“The Supreme Court of Kansas recently affirmed an award of work disability benefits to an undocumented worker who was ineligible for gainful employment under the Federal immigration laws. The employer contended that under Federal law, it was illegal for McDonald's (or any other employer) to reemploy the worker and that any wage loss she suffered was unrelated to the work injury but rather to her legal inability to return to work. McDonald's further contended that the award of work disability contravened public policy. The high court indicated resolution of the issue was a matter of statutory construction…” Read more…
 
 
Author Michael B. Stack, CPA, Director of Operations, Amaxx Risk Solutions, Inc. is an expert in employer communication systems and part of the Amaxx team helping companies reduce their workers compensation costs by 20% to 50%. He is a writer, speaker, and website publisher.  www.reduceyourworkerscomp.com. Contact: mstack@reduceyourworkerscomp.com.
 
©2012 Amaxx Risk Solutions, Inc. All rights reserved under International Copyright Law.

Do not use this information without independent verification. All state laws vary. You should consult with your insurance broker, attorney, or qualified professional about workers comp issues.

Common Mistakes That Get Employers In Trouble on Questionable Claims

 

Employers Should Take the High Road

 

Every self-insured employer has to contend with the occasional workers’ compensation claim the employer feels is of questionable validity.  The urge is often to ‘fight fire with fire’.  However great the urge is to give the employee ‘a taste of his own medicine’, the employer must hold itself above taking the low road taken by the employee.  Just as there are laws in every state against insurance fraud, there are also laws in every state that have names such as “unfair claim settlement practices”.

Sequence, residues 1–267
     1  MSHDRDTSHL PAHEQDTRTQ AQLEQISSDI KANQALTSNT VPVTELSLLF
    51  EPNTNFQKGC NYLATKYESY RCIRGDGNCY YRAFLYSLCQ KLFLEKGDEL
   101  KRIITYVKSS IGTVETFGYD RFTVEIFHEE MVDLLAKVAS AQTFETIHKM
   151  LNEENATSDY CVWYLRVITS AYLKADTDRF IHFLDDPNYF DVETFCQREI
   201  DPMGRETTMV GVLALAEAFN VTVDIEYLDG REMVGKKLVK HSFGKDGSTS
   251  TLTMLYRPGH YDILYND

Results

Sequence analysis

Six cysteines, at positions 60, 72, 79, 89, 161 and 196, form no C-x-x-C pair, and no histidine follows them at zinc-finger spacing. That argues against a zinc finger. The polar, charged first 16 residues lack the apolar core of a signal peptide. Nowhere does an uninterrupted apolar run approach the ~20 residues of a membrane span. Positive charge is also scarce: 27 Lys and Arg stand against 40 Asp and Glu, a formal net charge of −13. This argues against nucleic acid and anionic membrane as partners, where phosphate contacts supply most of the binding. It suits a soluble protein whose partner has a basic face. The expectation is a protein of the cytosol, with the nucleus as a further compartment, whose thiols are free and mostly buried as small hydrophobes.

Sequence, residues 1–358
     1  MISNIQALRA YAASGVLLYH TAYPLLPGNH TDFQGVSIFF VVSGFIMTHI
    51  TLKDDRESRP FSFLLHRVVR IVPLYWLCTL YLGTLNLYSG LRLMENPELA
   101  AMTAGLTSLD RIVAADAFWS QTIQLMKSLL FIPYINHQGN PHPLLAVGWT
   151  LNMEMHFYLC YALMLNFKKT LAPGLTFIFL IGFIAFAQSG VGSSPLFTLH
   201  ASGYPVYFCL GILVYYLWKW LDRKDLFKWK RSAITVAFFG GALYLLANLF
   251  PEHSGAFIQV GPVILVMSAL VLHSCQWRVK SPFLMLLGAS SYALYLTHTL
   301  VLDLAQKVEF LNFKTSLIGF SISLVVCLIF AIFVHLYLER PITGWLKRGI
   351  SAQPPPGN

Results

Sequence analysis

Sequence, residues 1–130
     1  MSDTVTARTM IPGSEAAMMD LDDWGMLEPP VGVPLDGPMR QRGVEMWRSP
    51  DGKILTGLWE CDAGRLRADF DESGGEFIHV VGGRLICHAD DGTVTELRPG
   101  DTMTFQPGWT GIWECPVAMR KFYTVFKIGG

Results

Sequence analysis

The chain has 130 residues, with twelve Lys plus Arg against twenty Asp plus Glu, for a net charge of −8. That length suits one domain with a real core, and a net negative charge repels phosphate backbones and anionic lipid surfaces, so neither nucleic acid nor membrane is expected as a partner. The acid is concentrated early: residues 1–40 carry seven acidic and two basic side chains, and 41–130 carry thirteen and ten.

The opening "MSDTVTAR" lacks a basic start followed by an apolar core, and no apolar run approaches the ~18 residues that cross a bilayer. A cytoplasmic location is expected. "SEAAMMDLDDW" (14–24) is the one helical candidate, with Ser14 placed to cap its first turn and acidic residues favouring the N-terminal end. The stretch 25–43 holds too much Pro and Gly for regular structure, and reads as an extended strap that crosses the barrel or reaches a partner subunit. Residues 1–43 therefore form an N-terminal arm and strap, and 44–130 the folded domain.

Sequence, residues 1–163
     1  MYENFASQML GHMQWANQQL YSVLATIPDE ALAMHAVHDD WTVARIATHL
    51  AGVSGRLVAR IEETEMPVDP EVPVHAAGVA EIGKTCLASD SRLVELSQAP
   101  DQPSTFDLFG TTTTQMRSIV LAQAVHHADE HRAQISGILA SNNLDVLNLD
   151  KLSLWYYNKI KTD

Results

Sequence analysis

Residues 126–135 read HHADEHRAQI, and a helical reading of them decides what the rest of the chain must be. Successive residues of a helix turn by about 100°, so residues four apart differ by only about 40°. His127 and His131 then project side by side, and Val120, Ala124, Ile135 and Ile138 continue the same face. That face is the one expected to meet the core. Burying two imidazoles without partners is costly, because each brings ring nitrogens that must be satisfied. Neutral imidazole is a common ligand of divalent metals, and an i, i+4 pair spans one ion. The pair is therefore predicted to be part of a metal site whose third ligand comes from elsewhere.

Unfair claim practices are any action taken by the self-insured employer that are unfair, discriminatory, deceptive or misrepresent the facts.  Any inappropriate conduct by the self-insured employer can land the employer in legal trouble.  In addition, if a particular unfair practice is shown to occur with any frequency, the insurance regulatory authority will review their approval of your self-insurance status.

 

 

Common Mistakes That Get Employers In Trouble

 

While there is a wide array of inappropriate actions a self-insured employer can get into trouble for, we will discuss only the most common mistakes an employer might make that would be classified as an unfair claims practice.

 

  • Delaying the processing of a claim – the self-insured employer cannot refuse to process the Employer’s First Report of Injury form or delay sending the required forms to the employee or the required forms to the state agency that oversees workers’ compensation.

 

  • Delaying the necessary investigation of the claim – most states require the claims office to accept or deny the claim within a specific period of time.  If the claim is not accepted or denied timely, in most states the lack of a timely decision is acceptance of the claim.  Worst yet, if the employer does not investigate the claim within the frame specified by the state, the employee’s version of the claim facts is accepted without any rebuttal by the employer.